Editor’s Note: This post comes from Dave Dixon of the non-profit group No Poor Among Them.
As many of us know, the Bloggernacle has been abuzz the last two weeks about the seer stone. This shiny, egg-shaped stone, brown with streaks of white, was used by Joseph Smith to produce the Book of Mormon. According to the best sources available, he found the stone at a young age, while digging a well for a man named Clark Chase, near Palmyra, New York. For those who have somehow missed photos of it, it is a beautiful stone. Joseph Smith used it in treasure-seeking schemes, but with little success. Yet the use of the stone brought about a book of scripture which Latter-day Saints everywhere hold dear. The process was described by David Whitmer in this way:
[H]e used a stone called a “Seers stone,” the “Interpreters” having been taken away from him because of transgression. The “Interpreters” were taken from Joseph after he allowed Martin Harris to carry away the 116 pages of Ms [manuscript] of the Book of Mormon as a punishment, but he was allowed to go on and translate by use of a “Seers stone” which he had, and which he placed in a hat into which he buried his face, stating to me and others that the original character appeared upon parchment and under it the translation in English.
I’m not going to pretend I understand how this process worked, or why the stone was necessary to begin with. As someone living in the 21st-century United States, I can’t pretend to understand the importance that folk magic had on this process, but through my modern lens I find the story of the seer stone incredibly beautiful and meaningful. Here’s why.
The term “urim and thummim” was often used interchangeably when referring to the seer stone. The LDS Church’s website describes a urim and thummim as “instruments prepared by God to assist man in obtaining revelation and translating languages. In the Hebrew language the words mean ‘lights and perfections.’” In the Doctrine and Covenants, we read that “the place where God resides is a great Urim and Thummim.” Thus, to think of Joseph Smith finding a material object like a rock, while laboring for subsistence and using that rock to produce such a marvelous work of scripture is breathtaking to me. I don’t know what it was about that particular rock, but might we catch a glimps of “lights and perfections,” of “the place where God resides” by similarly looking for God in His creation? Could a simple stone, blade of grass, flower, or scoop of soil be a conduit to learn more about our Heavenly Parents and our purpose on this earth? I think so, if only subtly.
The Book of Mormon prophet Alma seems to agree by telling a sign-seeking Korihor that “all things denote there is a God; yea, even the earth, and all things that are upon the face of it, yea, and its motion, yea, and also all the planets which moe in their regular form do witness that there is a supreme Creator.” While people may interpret their interactions with the creation differently, I think there are very few who don’t receive some kind of fulfillment from witnessing the beauty this earth has to offer.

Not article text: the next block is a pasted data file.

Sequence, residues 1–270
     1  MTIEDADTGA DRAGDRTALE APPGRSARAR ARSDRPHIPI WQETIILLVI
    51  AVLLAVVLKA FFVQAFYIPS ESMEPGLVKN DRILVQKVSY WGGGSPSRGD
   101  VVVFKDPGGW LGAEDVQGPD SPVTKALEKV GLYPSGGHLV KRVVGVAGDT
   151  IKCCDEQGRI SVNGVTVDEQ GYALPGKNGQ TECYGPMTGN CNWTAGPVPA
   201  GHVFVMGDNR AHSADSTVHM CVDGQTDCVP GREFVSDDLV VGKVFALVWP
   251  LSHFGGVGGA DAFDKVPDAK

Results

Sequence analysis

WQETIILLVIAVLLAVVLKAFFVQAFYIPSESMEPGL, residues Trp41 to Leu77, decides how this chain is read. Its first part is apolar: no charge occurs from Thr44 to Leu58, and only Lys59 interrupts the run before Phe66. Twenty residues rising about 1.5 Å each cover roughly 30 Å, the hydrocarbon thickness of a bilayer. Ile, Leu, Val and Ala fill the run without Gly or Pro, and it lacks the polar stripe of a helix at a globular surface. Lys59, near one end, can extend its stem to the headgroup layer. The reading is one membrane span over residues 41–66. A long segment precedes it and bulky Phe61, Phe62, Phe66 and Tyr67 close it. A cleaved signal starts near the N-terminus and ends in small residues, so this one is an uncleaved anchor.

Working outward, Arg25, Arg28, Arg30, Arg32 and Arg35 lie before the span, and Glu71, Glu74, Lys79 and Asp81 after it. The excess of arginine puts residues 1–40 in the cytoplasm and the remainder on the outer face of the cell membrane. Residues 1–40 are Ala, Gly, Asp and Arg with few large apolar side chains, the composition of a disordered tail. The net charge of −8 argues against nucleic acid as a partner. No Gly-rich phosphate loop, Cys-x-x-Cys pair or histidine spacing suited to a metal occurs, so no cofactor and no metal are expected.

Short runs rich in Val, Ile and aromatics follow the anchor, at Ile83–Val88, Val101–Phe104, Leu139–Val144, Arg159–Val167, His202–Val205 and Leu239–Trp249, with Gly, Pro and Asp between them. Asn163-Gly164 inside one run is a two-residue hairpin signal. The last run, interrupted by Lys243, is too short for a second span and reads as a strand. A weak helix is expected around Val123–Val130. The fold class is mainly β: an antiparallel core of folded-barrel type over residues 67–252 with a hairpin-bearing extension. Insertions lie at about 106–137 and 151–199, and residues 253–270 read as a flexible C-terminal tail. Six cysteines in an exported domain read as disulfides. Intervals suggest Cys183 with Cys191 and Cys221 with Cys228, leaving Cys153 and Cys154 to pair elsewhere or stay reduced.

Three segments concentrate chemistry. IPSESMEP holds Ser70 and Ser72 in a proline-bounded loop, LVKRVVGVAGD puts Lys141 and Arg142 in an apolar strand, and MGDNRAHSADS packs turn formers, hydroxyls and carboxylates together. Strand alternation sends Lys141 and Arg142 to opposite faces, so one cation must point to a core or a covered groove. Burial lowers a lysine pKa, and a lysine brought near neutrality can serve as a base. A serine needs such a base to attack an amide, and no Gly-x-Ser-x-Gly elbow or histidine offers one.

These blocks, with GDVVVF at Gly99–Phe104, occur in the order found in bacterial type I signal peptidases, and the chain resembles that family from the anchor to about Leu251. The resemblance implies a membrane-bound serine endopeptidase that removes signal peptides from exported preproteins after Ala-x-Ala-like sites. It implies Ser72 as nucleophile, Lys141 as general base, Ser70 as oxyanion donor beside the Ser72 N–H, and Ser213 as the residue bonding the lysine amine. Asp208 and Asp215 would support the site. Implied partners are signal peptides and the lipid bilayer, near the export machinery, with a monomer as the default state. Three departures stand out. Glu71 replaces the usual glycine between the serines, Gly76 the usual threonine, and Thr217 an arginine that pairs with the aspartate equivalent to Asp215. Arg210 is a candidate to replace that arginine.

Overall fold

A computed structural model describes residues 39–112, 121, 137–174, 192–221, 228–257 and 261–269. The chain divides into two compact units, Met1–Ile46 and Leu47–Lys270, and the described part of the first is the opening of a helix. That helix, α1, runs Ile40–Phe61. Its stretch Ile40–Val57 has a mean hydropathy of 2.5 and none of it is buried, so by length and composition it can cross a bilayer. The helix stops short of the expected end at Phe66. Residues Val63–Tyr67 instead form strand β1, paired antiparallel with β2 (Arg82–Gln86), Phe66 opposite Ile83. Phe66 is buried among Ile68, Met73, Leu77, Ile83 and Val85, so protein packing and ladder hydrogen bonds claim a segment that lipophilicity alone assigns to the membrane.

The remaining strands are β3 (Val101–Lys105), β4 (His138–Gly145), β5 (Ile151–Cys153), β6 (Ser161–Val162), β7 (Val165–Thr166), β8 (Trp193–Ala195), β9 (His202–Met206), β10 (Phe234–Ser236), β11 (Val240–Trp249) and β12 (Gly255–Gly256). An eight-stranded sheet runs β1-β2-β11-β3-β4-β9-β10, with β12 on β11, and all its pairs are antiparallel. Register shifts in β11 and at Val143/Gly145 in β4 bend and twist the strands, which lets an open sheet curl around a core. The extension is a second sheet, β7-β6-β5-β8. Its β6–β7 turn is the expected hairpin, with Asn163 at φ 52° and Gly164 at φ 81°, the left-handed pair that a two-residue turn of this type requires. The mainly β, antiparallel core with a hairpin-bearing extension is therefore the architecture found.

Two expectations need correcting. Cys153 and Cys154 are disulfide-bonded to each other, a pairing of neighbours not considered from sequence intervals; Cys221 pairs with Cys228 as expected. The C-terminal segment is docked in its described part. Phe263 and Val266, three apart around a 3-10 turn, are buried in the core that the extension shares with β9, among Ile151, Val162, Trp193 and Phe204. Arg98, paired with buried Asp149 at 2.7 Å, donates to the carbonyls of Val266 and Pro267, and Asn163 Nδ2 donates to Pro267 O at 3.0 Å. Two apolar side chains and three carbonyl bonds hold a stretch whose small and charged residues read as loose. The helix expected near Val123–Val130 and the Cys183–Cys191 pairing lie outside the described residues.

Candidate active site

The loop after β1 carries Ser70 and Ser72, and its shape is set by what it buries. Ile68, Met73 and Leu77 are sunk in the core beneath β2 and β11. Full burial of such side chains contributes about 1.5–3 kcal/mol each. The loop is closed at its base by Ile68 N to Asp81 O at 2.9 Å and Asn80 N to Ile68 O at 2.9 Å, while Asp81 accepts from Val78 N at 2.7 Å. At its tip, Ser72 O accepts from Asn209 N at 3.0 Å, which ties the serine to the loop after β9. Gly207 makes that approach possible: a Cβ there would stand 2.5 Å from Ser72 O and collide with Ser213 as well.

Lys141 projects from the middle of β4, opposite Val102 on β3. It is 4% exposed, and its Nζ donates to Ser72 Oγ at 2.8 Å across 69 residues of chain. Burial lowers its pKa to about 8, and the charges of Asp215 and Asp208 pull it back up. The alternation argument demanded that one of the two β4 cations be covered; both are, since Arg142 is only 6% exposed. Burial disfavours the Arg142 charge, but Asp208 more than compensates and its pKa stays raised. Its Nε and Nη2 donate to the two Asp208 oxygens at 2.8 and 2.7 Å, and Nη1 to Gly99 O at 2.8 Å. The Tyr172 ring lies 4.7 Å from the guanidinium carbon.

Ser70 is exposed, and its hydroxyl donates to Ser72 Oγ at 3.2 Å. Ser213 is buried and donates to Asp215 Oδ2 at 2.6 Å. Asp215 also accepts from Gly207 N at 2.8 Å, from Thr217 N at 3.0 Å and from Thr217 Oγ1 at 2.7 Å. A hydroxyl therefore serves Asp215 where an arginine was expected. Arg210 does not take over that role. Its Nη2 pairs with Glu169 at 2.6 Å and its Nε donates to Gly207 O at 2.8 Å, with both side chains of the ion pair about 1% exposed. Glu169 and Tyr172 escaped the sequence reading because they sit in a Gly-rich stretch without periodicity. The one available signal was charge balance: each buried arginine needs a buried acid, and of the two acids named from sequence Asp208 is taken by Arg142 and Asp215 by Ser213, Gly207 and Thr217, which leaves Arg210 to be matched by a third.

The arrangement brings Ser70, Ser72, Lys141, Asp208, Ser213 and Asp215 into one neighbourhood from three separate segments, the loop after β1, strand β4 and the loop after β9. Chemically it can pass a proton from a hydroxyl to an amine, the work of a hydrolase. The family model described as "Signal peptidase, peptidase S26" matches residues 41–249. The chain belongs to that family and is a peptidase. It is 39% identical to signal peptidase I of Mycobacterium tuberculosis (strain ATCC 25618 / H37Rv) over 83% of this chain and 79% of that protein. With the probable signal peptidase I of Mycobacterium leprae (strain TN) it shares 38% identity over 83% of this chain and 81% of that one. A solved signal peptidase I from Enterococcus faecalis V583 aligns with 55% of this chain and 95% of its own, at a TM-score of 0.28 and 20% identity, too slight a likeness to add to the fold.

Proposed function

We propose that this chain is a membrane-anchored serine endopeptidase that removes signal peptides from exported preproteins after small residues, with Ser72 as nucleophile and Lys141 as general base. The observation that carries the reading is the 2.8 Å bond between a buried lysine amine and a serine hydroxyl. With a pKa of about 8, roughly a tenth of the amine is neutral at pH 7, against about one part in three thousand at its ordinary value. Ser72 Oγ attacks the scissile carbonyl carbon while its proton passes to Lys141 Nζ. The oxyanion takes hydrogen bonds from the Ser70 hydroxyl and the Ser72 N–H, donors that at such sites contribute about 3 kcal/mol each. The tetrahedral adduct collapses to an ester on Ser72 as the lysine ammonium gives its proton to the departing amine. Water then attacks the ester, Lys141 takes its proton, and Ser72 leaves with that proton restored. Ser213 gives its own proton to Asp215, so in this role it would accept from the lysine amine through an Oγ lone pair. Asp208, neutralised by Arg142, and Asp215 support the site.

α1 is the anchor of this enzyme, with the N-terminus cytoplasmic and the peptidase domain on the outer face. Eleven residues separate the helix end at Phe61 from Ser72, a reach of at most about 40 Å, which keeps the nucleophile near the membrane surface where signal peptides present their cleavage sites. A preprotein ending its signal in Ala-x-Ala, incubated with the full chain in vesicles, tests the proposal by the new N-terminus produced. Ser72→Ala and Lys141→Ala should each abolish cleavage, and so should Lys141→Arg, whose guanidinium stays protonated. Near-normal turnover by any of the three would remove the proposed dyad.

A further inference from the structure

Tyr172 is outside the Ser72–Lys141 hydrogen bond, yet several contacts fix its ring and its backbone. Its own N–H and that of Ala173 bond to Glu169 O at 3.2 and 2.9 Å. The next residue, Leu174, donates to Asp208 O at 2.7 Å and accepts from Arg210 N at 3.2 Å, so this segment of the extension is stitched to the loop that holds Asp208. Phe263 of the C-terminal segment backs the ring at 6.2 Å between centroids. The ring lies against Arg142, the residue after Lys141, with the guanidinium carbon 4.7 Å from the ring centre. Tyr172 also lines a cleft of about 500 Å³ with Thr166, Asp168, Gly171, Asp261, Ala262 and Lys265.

This raises another way in which I find beauty in the story of the seer stone. Early in his life, Joseph Smith sought to find buried treasure by using different seer stones. People in the community obviously believed in his ability to do so, as they hired him for that express purpose. Nevertheless, as a seer, his abilities with the stones only yielded things of eternal worth. Growing up in poverty, Joseph was often tempted to use godly gifts such as the plates and seer stones for riches. Yet it was only when Joseph sought God’s purposes first that things seemed to pan out. The Book of Mormon prophet Jacob speaks to this point: “Before ye seek for riches, seek ye for the kingdom of God. And after ye have obtained a hope in Christ ye shall obtain riches, if ye seek them; and ye will seek them for the intent to do good—to clothe the naked, and to feed the hungry, and to liberate the captive, and administer relief to the sick and the afflicted.”
We may not have the ability to use seer stones in our lives, but each of us uses and benefits from the creation. But how we use it ought to be important for followers of Christ. Do we use the creation to seek for riches and build up our own personal wealth, or do we try to use the earth in consecrating, sanctifying ways? Do we care for the poor with the bounty of the earth? Do we think of future generations before consuming finite resources? If Joseph Smith could bring about a book of scripture revered by millions today with the use of a stone, what might we do with the earth’s resources to further God’s purposes?